This has consequences for our own lives because we're made in the image and likeness of God. In the Greek translation of the Old Testament, the same word, eikon, is used in Genesis when describing creation. "Let us make man in our image, after our likeness" says God (Gen 1:26). The implication is clear. To be made in the image of God is more than a pious slogan. It's a statement of fact. Every one of us shares -- in a limited but real way -- in the nature of God himself. When we follow Jesus Christ, we grow in conformity to that image.
Once we understand this, the impact of Christ's response to his enemies becomes clear. Jesus isn't being clever. He's not offering a political commentary. He's making a claim on every human being. He's saying, "render unto Caesar those things that bear Caesar's image, but more importantly, render unto God that which bears God's image" -- in other words, you and me. All of us.
And that raises some unsettling questions: What do you and I, and all of us, really render to God in our personal lives? If we claim to be disciples, then what does that actually mean in the way we speak and the way we act?
Thinking about the relationship of Caesar and God, religious faith and secular authority, is important. It helps us sort through our different duties as Christians and citizens. But on a deeper level, Caesar is a creature -- a creature of this world -- and Christ's message is uncompromising: We should give Caesar nothing of ourselves. Obviously we're in the world. That means we have obligations of charity and justice to the people with whom we share it. For Christians, patriotism is a virtue. Love of country is an honorable thing. As Chesterton once said, if we build a wall between ourselves and the world, it makes little difference whether we describe ourselves as locked in or locked out.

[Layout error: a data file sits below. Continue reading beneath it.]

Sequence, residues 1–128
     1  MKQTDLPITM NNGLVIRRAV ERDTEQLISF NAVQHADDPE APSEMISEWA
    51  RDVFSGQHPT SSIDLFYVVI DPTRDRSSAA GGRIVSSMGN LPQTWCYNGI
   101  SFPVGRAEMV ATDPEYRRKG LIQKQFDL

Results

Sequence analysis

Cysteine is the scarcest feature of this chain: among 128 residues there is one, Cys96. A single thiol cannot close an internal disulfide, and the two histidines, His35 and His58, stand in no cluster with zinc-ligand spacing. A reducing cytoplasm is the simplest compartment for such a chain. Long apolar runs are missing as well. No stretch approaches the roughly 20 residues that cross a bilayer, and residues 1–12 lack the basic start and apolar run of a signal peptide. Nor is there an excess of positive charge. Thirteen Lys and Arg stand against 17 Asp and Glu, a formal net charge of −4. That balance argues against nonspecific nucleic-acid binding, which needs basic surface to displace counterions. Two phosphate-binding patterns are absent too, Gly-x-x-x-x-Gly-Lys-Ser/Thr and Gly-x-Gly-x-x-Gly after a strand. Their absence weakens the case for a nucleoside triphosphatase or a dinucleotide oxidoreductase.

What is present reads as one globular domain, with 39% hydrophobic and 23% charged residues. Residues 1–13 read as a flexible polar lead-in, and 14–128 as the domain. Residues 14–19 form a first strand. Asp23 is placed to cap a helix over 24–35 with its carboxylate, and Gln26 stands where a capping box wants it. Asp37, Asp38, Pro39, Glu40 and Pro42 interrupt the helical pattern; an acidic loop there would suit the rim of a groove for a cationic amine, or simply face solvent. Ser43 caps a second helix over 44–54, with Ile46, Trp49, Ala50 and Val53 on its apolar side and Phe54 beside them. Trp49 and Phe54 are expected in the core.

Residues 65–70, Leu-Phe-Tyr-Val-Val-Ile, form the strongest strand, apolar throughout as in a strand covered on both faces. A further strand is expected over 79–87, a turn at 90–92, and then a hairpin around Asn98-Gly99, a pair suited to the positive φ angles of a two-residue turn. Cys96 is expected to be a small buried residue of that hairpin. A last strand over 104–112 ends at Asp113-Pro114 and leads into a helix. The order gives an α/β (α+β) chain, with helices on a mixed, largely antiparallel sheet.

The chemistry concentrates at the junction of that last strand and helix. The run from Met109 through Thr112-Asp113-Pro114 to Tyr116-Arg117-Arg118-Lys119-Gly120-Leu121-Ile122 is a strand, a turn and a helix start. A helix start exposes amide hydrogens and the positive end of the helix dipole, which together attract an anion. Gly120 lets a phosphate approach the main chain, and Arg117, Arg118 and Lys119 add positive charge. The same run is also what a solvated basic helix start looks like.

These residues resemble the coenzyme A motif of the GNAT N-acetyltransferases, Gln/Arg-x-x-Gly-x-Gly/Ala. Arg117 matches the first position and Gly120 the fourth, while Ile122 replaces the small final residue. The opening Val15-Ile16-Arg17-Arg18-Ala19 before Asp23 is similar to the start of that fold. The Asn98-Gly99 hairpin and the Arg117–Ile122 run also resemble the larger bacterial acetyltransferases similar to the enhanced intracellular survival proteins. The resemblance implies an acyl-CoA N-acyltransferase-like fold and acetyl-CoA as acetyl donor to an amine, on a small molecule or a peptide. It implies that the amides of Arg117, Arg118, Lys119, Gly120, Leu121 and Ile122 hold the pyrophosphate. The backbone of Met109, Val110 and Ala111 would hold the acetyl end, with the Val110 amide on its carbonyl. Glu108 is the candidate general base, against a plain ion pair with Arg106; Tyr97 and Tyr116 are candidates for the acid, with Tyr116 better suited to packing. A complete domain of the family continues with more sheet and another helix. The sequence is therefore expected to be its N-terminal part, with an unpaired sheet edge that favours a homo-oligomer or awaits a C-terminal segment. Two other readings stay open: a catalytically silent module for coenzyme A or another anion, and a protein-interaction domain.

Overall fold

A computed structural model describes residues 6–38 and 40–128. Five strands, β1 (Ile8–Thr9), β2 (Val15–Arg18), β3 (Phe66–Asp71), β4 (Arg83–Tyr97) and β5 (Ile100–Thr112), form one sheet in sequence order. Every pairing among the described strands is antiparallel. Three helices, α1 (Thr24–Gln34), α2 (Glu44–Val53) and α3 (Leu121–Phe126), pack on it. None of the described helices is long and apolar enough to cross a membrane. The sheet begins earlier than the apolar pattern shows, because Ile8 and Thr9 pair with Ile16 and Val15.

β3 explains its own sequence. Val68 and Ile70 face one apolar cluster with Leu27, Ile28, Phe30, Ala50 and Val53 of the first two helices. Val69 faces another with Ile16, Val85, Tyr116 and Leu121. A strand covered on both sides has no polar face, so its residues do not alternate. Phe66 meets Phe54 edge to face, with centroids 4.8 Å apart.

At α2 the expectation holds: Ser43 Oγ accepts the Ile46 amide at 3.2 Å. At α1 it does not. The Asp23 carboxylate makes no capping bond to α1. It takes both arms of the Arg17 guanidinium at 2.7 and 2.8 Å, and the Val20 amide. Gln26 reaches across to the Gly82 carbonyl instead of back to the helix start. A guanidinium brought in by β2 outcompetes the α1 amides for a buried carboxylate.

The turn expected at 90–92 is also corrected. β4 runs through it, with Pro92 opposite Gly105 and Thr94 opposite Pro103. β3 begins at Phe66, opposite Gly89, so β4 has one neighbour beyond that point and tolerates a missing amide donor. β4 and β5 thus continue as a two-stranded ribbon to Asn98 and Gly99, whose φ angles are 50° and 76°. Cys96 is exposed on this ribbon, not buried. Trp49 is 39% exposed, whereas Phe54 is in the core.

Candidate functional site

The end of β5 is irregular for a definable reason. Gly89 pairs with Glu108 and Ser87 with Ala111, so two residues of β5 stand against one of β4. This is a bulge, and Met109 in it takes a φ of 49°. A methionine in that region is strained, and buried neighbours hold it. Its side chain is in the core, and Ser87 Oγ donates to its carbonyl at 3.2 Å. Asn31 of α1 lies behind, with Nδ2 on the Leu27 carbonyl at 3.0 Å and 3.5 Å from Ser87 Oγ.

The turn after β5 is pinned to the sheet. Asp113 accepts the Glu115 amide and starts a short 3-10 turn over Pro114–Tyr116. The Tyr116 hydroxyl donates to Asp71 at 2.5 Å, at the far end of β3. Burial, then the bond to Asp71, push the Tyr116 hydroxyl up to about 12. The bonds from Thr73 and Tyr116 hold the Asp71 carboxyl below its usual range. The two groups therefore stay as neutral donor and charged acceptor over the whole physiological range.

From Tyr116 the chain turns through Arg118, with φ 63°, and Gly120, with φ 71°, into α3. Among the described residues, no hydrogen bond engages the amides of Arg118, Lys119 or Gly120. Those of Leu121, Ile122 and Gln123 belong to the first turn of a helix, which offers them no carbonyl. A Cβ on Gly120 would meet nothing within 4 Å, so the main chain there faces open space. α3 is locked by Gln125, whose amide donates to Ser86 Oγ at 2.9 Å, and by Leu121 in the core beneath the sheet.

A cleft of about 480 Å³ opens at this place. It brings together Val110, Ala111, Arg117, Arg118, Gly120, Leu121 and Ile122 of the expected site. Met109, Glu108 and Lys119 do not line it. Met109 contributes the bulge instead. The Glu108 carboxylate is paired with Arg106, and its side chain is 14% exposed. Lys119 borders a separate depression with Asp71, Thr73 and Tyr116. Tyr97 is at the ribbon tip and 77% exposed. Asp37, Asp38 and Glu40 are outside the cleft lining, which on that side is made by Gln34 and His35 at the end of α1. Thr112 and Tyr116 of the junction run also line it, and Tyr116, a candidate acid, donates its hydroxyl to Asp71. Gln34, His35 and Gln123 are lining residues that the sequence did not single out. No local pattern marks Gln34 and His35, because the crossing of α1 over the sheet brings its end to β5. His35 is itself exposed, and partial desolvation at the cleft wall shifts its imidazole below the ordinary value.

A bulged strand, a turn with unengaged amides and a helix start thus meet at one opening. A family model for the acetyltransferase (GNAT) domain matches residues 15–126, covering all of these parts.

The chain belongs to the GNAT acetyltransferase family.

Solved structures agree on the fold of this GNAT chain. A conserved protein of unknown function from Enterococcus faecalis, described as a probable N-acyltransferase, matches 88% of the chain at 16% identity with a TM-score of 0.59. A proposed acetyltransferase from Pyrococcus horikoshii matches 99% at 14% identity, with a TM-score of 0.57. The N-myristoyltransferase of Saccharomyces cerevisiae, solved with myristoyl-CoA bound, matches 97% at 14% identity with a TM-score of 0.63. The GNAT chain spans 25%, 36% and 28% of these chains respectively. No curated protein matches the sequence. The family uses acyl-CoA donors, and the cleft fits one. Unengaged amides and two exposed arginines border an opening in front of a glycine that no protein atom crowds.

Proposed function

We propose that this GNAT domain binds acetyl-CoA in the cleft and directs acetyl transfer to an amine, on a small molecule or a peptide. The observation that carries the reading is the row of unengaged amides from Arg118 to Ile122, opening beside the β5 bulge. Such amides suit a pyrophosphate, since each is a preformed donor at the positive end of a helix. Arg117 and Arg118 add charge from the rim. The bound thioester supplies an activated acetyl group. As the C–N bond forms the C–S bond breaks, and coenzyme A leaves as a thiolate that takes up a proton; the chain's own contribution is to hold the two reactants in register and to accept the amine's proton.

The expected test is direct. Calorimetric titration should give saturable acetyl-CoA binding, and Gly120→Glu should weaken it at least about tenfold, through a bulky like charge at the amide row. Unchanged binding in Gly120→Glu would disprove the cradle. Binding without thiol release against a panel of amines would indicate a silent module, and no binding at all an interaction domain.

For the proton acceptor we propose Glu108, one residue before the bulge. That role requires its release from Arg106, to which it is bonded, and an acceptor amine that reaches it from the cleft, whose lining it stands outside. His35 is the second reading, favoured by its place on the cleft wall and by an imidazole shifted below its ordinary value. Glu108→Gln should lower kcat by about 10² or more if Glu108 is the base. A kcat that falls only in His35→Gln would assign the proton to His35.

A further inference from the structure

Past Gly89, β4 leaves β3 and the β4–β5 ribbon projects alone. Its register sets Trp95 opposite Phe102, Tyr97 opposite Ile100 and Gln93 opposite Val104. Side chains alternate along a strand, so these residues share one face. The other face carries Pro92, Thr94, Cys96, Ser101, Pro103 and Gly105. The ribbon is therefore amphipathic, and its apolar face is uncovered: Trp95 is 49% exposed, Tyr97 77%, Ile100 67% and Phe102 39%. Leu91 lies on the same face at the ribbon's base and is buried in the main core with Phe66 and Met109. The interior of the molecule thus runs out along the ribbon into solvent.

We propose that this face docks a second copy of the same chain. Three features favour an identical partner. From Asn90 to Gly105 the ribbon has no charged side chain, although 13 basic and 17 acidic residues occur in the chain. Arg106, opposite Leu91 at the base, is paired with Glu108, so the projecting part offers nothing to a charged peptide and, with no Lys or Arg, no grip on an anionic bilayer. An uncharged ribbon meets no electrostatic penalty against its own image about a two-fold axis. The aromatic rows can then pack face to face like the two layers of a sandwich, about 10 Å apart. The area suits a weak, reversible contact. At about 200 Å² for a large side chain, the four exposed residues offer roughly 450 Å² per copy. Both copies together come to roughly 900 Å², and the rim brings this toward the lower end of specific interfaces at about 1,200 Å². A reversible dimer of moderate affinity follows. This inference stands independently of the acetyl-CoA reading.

But God has made us for more than the world. Our real home isn't here. The point of today's Gospel passage is not how we might calculate a fair division of goods between Caesar and God. In reality, it all belongs to God and nothing - at least nothing permanent and important - belongs to Caesar. Why? Because just as the coin bears the stamp of Caesar's image, we bear the stamp of God's image in baptism. We belong to God, and only to God.
In today's second reading, St. Paul tells us, "Indeed religion" -- the RSV version says "godliness" - "with contentment is great gain. For we brought nothing into the world, just as we shall not be able to take anything out of it." My dear friends, true freedom knows no attachments other than Jesus Christ. It has no love of riches or the appetites they try to satisfy. True freedom can walk away from anything -- wealth, honor, fame, pleasure. Even power. It fears neither the state, nor death itself.
Who is the most free person at anything? It's the person who masters her art. A pianist is most free who -- having mastered her instrument according to the rules that govern it and the rules of music, and having disciplined and honed her skills -- can now play anything she wants.
The same holds true for our lives. We're free only to the extent that we unburden ourselves of our own willfulness and practice the art of living according to God's plan. When we do this, when we choose to live according to God's intentions for us, then -- and only then -- will we be truly free.
This is the freedom of the sons and daughters of God. It's the freedom of Miguel Pro, of Mother Teresa, Maximillian Kolbe, Dietrich Bonhoeffer, and all the other holy women and men who have gone before us to do the right thing, the heroic thing, in the face of suffering, adversity and death.
This is the kind of freedom that can transform the world. And it should animate all of our talk about liberty - religious or otherwise.
I say this for two reasons. Here's the first reason. Real freedom isn't something Caesar can give or take away. He can interfere with it; but when he does, he steals from his own legitimacy.